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EINSTEIN LECTURE-The Future of Computing

August 14, 2018 @ 6:00 pm - 8:00 pm


Presented by Prof Michelle Simmons (2018 Australian of the Year)

“The Future of Computing”

Enjoy the evening by listening to an exciting lecture at this fabulous UNSW flagship venue.

Public Lecture at 6.00 pm

Tuesday, 14 August 2018

Leighton Hall, John Niland Scientia Building (G19) – University of New South Wales

This year is the Australian Institute of Physics (NSW) 13th Einstein Lecture, and is in partnership with the UNSW. Take advantage of this unique opportunity.

Cost is FREE but registration essential (places limited) here: https://www.eventbrite.com.au/e/the-einstein-lecture-the-quantum-computing-revolution-tickets-47097653349

‘A quantum computer would be able to solve problems in minutes that would otherwise take thousands of years’
Canadian PM Justin Trudeau made international headlines when he effortlessly explained quantum computing, as this exciting research field is often considered difficult for outsiders to understand. For pioneers of quantum computing like Michelle Simmons, their work creating new technology is a passion that they are keen to share. Simmons is a scientist, an entrepreneur and the 2018 Australian of the year. Her day job involves leading a team of elite scientists in the race to develop a quantum computer in silicon. She has been described as the creator of the new field of atomic electronics and established Australia’s first quantum computing company in 2017. Join us to hear this extraordinary scientist tell her story, outline the scientific challenges her team faces and explain why quantum computing matters.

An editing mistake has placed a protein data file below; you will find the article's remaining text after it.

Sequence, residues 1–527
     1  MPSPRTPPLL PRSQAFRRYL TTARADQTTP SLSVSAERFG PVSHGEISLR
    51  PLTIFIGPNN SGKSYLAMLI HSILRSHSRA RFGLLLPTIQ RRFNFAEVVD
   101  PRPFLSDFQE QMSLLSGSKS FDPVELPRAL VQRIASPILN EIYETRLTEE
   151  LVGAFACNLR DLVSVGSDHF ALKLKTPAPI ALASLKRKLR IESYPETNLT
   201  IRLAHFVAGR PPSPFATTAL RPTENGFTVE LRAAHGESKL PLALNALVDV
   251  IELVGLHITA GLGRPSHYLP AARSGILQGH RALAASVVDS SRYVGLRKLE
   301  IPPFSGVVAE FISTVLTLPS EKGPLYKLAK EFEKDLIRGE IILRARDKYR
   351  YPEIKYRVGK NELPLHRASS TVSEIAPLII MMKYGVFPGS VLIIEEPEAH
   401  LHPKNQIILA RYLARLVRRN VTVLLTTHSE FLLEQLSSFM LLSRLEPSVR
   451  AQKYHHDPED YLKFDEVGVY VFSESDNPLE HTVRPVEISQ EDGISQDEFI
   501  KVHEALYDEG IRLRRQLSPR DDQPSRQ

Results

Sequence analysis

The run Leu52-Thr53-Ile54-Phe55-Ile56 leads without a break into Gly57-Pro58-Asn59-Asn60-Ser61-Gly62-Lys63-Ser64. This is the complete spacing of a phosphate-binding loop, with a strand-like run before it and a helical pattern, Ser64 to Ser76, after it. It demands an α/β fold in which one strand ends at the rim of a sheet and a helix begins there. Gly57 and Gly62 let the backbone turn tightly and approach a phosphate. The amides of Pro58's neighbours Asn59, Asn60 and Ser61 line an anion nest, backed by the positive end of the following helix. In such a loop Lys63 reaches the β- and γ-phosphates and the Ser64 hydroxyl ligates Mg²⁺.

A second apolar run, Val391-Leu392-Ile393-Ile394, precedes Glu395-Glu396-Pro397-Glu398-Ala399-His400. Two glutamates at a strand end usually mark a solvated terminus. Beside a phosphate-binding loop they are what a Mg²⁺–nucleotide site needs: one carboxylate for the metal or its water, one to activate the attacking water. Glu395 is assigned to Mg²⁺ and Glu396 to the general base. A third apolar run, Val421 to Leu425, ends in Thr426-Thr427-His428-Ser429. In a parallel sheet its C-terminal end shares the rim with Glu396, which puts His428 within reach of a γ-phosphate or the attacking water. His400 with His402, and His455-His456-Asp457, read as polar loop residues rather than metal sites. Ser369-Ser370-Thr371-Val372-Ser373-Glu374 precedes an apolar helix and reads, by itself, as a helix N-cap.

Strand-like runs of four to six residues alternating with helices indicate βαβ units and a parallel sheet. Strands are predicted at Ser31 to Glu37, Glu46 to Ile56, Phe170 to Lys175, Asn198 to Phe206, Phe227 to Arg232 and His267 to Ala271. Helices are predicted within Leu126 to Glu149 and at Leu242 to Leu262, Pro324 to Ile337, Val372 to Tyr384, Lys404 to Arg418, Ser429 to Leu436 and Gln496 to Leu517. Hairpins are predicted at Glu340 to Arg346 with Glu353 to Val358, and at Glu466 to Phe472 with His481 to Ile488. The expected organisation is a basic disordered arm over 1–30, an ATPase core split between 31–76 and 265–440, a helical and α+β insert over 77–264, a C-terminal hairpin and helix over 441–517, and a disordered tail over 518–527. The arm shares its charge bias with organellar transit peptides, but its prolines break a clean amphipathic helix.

Speaker Background:
Michelle Simmons is currently a Scientia professor and Laureate Fellow at the University of New South Wales. In 1999, she was awarded a QEII Fellowship and came to Australia where she was a founding member of the Centre of Excellence for Quantum Computer Technology.
Since then she has established a large research group dedicated to the fabrication of atomic-scale devices in silicon and germanium using the atomic precision of a scanning tunneling microscope. She has published more than 360 papers in refereed journals and has won numerous awards including the Pawsey Medal by the Australian Academy of Science, NSW Scientist of the Year, the Eureka Prize for Leadership in Science and recently the 2018 Australian of the Year which recognises Michelle’s research and leadership in nanotechnology and quantum computing.